Home > Bayesian computation > Learning about a correlation

We’re starting the chapter on Bayesian computation and I thought I’d use a new example to illustrate the basic methods.  I collect the high school GPA and the ACT math score for 50 BGSU freshmen and I’m interested in learning about the correlation.  If I standardize both measurements (by subtracting the mean and dividing by the standard deviation), then I can assume the standardized pairs $(x_1, y_1), ..., (x_{50}, y_{50})$ are a random sample from a bivariate normal density with 0 means, unit standard deviations, and correlation $\rho$.  If I assume a uniform prior on $\rho$, then the posterior density is given by

$g(\rho) = \prod \frac{1}{\sqrt{1-\rho^2}}\exp\left(-\frac{1}{2(1-\rho^2)}(x_i^2 - 2\rho x _iy_i + y_i^2)\right)$

I begin by writing a short function to compute the log posterior of $\rho$.  Here data is a matrix of two columns of the standardized x and standardized y.

cor.sampling=function(rho,data)
{
x=data[,1]
y=data[,2]
sum(-0.5*log(1-rho^2)-0.5/(1-rho^2)*(x^2-2*rho*x*y+y^2))
}

cor.sampling=function(rho,data)
{
x=data[,1]
y=data[,2]
sum(-0.5*log(1-rho^2)-0.5/(1-rho^2)*(x^2-2*rho*x*y+y^2))
}

I display the posterior density below.  Note that I use the sapply function to evaluate the posterior for a vector of values.  Also, I do some standardization of the posterior values so that the total area of the plotted density is equal to one.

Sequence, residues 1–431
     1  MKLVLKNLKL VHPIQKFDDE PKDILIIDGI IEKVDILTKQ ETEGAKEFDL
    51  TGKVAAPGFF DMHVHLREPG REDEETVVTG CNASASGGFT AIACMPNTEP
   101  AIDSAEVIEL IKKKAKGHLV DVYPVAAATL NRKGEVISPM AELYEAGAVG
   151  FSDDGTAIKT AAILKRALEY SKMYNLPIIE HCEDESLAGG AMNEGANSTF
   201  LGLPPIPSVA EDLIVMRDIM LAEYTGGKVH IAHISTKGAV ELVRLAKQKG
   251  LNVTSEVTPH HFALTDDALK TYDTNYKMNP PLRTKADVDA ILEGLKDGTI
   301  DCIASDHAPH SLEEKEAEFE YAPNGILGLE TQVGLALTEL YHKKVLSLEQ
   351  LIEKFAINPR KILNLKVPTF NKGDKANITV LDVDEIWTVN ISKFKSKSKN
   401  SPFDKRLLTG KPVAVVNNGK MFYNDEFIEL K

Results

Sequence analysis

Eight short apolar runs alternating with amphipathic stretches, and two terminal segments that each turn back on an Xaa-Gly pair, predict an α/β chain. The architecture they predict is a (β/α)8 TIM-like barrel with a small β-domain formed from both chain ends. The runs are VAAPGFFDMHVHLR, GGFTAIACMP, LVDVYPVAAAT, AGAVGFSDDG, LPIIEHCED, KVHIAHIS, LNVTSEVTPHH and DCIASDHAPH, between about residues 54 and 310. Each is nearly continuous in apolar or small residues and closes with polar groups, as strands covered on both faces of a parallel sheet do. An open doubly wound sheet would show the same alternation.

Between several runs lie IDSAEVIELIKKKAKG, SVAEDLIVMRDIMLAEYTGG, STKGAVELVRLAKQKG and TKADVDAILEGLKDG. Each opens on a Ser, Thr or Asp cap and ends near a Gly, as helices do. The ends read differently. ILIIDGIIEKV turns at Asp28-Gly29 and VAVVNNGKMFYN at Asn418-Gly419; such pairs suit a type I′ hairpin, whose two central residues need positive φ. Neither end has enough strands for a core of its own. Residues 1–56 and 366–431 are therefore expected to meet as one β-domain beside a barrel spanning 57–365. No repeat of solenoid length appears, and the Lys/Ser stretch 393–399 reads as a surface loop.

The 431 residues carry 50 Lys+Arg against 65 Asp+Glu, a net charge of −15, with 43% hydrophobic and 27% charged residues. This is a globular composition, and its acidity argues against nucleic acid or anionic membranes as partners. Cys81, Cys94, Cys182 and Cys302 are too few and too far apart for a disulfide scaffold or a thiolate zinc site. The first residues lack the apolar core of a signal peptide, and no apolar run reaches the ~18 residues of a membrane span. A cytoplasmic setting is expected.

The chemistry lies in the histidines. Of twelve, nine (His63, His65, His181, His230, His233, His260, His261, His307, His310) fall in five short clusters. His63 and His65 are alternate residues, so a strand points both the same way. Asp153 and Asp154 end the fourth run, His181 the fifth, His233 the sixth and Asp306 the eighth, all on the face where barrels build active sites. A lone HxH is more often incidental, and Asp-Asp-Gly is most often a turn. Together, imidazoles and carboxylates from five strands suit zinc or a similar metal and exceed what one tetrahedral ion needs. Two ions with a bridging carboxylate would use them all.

r=seq(-.99,.99,by=.01)
gr=sapply(r,cor.sampling,dz)
gr=exp(gr-max(gr))/sum(exp(gr-max(gr)))/0.01
plot(r,gr,type=”l”,xlim=c(0,1),col=”red”,lwd=2)
We illustrate finding a normal approximation to this density by use of the laplace function in the LearnBayes package.  The arguments are the name of the log posterior, the starting guess at the mode (we use 0) and the matrix of data dz.  The output is the posterior mode and the corresponding estimate at the posterior variance.
fit=laplace(cor.sampling,0,dz)
fit
$mode [1] 0.5015625$var
[1,] 0.00912294
So the posterior for $\rho$ is approximately N(0.50, $\sqrt{0.0091}$).  Using the curve function we add the normal approximation to the graph.  This approximation looks pretty good, but there is a little room for improvement.
curve(dnorm(x,fit$mode,sqrt(fit$var)),add=TRUE,col=”blue”,lwd=2)
legend(“topleft”,c(“Exact”,”Approximation”),col=c(“red”,”blue”),lty=c(1,1),lwd=c(2,2))